Star Cars 2009: Family cars - Small family cars, part one
Price from £13,150
On sale January (hatchback), Plus (spring), Bluemotion and GTI (autumn)
What’s great? It’s a Golf, so just about everything
There’s nothing surprising about the new Volkswagen Golf – and there should be absolutely nothing surprising about that.
The Mk V Golf was always a class-leader thanks to its quality and simplicity. It’s understandable, then, that VW decided to refine what it had rather than try anything radical when it came time for an update.
By sticking with the platform of the previous Golf, the Mk VI is reassuringly familiar, even though every external panel and the interior have been restyled.
The initial engine line-up has two 2.0-litre turbodiesels, plus 1.4 and 1.6 petrols. One of the 1.4s is turbocharged, while another has a turbo and a supercharger.
The interior echoes the simplicity and orderliness of the new exterior – you can go straight to any of the switches and controls with the unerring aim of a homing pigeon.
Our early tests have revealed shortcomings, but they are only minor. The plastics on the seat bases have a hard, durable feel in contrast to the softer finish everywhere else, and the air-conditioning switches have a fairly lightweight action.
Three- and five-door hatches will be available first, and there will be a tall-roofed Golf Plus coming in the spring.
There will also be GTI and eco-friendly Bluemotion versions in the autumn. The Bluemotion will be the highest-economy, lowest-CO2-emitting small hatch in the UK, with its 1.6 diesel engine achieving 74.3mpg while giving off just 99g/km of CO2.
The GTI will be powered by a turbocharged 207bhp 2.0 petrol with a top speed of 148mph and a 0-62mph figure of 7.2secs.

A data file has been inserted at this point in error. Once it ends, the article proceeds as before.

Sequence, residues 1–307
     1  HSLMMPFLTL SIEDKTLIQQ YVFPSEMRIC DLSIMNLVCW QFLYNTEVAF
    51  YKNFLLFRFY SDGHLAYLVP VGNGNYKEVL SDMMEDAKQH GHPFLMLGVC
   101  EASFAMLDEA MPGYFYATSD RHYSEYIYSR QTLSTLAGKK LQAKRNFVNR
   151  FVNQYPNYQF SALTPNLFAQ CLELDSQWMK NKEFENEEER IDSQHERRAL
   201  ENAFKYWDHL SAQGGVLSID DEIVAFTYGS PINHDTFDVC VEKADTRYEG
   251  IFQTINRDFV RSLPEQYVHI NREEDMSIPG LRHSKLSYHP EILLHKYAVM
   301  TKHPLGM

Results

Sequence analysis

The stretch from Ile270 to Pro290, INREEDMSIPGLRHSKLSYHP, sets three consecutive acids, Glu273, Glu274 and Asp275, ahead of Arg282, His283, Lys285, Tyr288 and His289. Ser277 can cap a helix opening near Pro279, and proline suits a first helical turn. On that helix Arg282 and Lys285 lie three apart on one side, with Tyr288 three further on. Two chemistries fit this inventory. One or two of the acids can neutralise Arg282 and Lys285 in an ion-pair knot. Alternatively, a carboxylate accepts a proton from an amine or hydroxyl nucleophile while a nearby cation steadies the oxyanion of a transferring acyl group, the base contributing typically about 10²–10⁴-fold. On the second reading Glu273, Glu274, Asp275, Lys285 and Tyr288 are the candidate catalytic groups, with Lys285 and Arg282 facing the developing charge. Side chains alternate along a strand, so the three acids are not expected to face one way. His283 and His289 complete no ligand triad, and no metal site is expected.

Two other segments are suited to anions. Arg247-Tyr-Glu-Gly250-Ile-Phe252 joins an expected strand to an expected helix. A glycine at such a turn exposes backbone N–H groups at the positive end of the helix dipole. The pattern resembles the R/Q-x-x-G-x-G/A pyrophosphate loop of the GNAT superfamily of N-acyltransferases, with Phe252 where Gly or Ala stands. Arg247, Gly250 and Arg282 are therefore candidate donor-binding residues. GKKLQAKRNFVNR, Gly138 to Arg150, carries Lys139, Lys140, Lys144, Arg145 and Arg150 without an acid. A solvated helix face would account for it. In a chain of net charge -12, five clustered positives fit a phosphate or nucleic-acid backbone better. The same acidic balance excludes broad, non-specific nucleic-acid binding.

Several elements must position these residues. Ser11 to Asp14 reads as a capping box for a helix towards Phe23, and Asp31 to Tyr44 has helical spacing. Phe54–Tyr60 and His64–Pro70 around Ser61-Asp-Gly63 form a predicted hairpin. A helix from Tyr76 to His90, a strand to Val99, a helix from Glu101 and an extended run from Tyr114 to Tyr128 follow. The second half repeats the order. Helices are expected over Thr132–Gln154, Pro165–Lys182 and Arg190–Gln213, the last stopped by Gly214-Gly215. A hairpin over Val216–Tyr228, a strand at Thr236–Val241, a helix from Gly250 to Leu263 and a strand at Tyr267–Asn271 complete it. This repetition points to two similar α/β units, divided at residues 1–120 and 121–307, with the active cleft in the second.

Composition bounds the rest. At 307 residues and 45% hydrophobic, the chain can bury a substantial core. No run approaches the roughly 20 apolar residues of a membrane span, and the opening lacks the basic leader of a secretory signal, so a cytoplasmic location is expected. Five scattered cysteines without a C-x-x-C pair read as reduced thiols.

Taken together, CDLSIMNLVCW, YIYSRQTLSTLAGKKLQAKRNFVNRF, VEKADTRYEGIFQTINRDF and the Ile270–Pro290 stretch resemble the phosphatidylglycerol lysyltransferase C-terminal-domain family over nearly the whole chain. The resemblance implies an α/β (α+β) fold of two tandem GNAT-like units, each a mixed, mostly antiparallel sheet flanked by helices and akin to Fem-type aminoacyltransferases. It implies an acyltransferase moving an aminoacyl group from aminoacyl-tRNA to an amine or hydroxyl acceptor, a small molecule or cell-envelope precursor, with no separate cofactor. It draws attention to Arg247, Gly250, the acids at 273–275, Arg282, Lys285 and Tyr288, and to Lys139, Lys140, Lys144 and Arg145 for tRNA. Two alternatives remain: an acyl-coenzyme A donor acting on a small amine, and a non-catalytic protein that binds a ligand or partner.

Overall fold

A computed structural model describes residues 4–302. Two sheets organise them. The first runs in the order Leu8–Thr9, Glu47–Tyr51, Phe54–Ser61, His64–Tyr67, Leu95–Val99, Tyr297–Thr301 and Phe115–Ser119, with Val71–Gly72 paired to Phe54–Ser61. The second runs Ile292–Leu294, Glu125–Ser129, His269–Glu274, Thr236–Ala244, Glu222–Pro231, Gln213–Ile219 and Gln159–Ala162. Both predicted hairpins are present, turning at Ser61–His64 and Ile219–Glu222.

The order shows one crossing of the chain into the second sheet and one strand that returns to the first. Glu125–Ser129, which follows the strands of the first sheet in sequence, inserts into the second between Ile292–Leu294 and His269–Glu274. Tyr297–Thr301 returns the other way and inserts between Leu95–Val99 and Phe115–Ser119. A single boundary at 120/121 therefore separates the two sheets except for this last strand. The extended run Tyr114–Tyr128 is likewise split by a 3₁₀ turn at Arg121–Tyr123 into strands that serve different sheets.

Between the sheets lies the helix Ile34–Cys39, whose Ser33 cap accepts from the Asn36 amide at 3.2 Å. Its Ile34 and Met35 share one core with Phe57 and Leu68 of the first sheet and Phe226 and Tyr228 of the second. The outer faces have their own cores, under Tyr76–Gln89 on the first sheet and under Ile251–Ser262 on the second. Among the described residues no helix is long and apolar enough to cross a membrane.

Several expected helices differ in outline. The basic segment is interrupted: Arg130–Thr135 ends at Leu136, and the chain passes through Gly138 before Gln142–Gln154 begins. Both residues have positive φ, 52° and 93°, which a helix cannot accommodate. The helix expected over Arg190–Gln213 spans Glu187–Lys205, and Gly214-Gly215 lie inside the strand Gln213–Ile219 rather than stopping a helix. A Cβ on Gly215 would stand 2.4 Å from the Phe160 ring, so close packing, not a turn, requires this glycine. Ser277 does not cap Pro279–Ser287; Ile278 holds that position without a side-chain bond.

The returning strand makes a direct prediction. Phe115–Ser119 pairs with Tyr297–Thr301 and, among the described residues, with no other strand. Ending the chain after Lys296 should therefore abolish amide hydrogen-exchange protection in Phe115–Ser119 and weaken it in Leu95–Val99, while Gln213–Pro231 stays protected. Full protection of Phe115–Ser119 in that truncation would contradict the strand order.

Price from £15,500 (est)
On sale Winter
What’s great? Stylish alternative to the usual legions of small family cars
If you drive a Ford Focus, chances are you see lots of other cars just like yours every day. For those after something a little different, there’s the new 149.
It hasn’t been officially unveiled yet, but judging by Alfa Romeo’s past design successes. it’s almost certain to be a looker.
Unlike the 147 it replaces, the 149 will only be available as a five-door, so that it sits above the new three-door Mito in Alfa’s range.
What’s more, it may also follow the Mito and have a name and not a number, although that has yet to be confirmed.
Expect a wide range of petrol and diesel engines, with top-level power outputs tipped to be well over 200bhp.
However, Alfa has struggled with reliability and customer service in the past, so we can only hope the new 149 represents a chance for the company to rectify its failings.
Price £15,000 (est)
On sale Spring
What’s great? Room for a family of five; affordable for a hybrid
Economics tells us that the more we buy of a particular thing, the cheaper it should get.
Honda will show this principle at work with the new Insight hybrid, which will undercut its own Civic IMA and the Toyota Prius by thousands of pounds.
One reason the Insight is cheaper than its rivals is that it doesn’t use expensive lithium-ion batteries and plug-in hybrid systems.
Instead, power comes from a development of the existing 113bhp 1.4-litre petrol and electric motor-assisted powertrain of the Civic IMA. Estimates suggest this combination will provide fuel economy of more than 70mpg and CO2 emissions below 100g/km.
Unlike the first version of the Insight, which had two seats, the new car is a five-seater, five-door, and is designed to be practical enough for everyday family use.
Price from £11,000 (est)
On sale April
What’s great? Small saloon promises great value, plus quality and style
Bold styling and bargain prices will be central to the appeal of Chevrolet’s new Cruze.
This is a replacement for the Lacetti saloon, which means it’ll be pitched as a cut-price rival to the likes of the four-door Ford Focus and Volkswagen Jetta.
Small saloons aren’t as popular in this country as they are on the European mainland, but Chevrolet hopes that the Cruze’s striking styling will catch UK buyers’ imaginations.
The big, two-tier front grille is expected to feature on most of Chevrolet’s forthcoming models, while the overall look is sleeker and more aggressive than anything in the manufacturer’s current line-up. The interior is also much more eye-catching and represents a big improvement in quality for the company.
Prices are expected to start at around £11,000 when the Cruze goes on sale next spring. That will buy you a 1.6-litre petrol model with an output of 110bhp, but there will also be the option of a 138bhp 1.8 petrol or a 148bhp 2.0 diesel.